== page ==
Players like Arista Networks use merchant silicon in the low latency trading networks space for when you need better performance. Intel just bought one of these merchant silicon players in Fulcrum - Intel combined with Vyatt could take out large sectors in Cisco's install base,

Interesting research at

James Hamilton's (Amazon) blog has some very good commentary on the commoditization of the network space.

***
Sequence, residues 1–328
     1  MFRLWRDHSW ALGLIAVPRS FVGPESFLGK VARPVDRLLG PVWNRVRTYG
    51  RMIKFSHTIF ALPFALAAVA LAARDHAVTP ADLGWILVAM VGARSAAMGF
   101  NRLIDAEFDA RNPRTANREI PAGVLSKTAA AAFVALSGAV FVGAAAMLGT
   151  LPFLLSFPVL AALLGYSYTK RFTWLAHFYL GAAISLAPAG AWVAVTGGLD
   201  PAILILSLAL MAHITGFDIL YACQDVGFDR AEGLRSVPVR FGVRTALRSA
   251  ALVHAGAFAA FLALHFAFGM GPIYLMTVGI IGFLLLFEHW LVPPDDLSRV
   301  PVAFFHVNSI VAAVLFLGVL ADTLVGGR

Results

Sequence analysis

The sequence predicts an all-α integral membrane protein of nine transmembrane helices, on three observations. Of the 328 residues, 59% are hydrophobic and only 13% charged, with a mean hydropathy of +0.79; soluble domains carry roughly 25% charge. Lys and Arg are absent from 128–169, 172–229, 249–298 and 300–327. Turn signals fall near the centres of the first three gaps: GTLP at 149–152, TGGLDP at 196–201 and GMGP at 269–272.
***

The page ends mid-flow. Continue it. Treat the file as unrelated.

chris said...

Cisco may be in some trouble (as others have pointed out in the commentary above), but not for the reasons argued in this post. I agree with Graeme - hardware isn't going away, it is becoming generalized. This puts Cisco in a different position. Not gone, just different. Cisco's real value is in their software, comparative quality, the ability they provide to properly manage networks with their products etc.

bandwidth and cpu will continue to march on and you will continually be able to do more with both, but that's the point really...